Jewry Street development will have 311 guest rooms and rooftop restaurant
City of London planners have approved Sheppard Robson-designed proposals to replace a 1950s office building near Aldgate with a 15-storey hotel.
The practice’s proposals for RP Assets – owned by Austrian hoteliers Rudolf and Christian Ploberger – received the backing of members of the City’s planning and transportation committee at their meeting last week.
The Plobergers said their proposals would contribute to the City’s leisure and tourism offer – with 311 hotel rooms, a café/bar on the ground floor and a rooftop restaurant, both open to the public.
The development will also house a co-working space – with free and discounted use of podcasting studios, meeting rooms and event spaces offered for community and educational purposes – as well as proposals for a cultural hub.
City planners said that to reduce the carbon impact of the scheme, the development would retain part of the existing basement and ground floor levels, including partial reuse of floor slab, columns and foundations.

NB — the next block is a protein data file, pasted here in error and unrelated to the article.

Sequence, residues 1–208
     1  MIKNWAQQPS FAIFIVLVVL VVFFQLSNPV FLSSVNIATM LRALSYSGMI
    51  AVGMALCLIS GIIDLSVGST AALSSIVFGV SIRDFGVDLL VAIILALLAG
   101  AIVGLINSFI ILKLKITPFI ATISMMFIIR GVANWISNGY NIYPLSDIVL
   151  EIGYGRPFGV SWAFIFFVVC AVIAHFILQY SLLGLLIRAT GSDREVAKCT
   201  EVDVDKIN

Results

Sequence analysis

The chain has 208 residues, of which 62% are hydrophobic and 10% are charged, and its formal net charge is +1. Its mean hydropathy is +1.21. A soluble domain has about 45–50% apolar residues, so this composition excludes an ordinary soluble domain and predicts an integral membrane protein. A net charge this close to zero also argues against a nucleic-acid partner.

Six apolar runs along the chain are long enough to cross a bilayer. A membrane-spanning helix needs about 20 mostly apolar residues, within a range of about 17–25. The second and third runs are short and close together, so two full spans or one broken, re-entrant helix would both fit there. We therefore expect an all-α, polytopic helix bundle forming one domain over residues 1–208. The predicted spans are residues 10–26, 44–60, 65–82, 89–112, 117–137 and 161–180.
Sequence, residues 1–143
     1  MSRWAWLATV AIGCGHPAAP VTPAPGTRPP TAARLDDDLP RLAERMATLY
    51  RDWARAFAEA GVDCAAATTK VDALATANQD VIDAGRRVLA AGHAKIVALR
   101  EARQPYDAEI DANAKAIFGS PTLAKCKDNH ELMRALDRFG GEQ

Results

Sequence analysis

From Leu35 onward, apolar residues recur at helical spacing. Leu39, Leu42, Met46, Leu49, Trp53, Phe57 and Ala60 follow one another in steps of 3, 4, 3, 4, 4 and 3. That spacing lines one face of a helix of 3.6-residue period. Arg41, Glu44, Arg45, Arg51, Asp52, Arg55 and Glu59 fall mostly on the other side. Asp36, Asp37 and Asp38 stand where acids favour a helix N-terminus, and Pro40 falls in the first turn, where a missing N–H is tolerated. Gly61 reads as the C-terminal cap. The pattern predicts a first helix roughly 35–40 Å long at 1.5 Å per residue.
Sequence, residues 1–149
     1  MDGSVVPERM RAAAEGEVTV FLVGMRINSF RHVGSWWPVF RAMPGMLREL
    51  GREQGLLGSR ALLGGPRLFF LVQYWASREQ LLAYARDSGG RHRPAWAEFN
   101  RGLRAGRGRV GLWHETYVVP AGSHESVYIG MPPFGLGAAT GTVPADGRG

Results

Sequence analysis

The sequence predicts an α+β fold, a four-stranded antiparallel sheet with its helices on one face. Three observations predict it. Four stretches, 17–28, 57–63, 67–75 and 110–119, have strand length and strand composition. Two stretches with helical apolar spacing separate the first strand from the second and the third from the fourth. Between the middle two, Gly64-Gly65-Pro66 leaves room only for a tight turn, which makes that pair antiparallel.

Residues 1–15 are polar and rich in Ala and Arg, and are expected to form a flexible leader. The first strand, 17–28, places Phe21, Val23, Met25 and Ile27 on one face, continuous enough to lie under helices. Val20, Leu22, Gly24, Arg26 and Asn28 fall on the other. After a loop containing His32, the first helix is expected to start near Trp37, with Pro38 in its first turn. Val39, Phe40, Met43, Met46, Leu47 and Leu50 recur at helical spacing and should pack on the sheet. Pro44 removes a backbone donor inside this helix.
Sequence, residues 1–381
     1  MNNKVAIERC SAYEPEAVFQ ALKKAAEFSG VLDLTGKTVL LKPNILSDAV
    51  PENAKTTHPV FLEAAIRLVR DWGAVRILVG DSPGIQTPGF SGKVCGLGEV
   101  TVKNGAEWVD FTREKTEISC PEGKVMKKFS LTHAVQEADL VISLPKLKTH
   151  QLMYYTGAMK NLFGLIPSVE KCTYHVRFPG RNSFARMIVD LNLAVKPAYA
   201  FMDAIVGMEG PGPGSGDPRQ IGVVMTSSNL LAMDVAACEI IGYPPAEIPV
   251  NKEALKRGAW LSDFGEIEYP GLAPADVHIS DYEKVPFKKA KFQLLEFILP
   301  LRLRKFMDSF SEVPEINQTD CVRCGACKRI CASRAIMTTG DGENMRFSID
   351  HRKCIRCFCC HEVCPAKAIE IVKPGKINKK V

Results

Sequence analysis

They said the scheme was targeting a BREEAM sustainability rating of “excellent” and that it would achieve a 54% reduction in operational carbon emissions.
A report to the meeting said Sheppard Robson’s plans would deliver 11,221sq m of new floorspace, almost doubling the current building’s 5,770sq m gross internal area.
Planning and transportation committee chair Shravan Joshi said delivering new hotel accommodation had an important role to play in the corporation’s long-term development plans.
“Attracting UK and international visitors with a vibrant leisure and tourism offer is at the heart of the City’s recovery,” he said.
“We also want to provide flexible spaces for SMEs, start-ups and community and cultural uses, complementing our world-class financial and professional services sector.
“Sustainability has been a core consideration of this scheme, which will boost tourism and provide a boutique co-working space to meet the changing needs of businesses.”
A spokesperson for the Plobergers said the development had exciting potential to contribute to the “reimagination” of the eastern part of the City as a “more sustainable and vibrant place of economic and social activity”.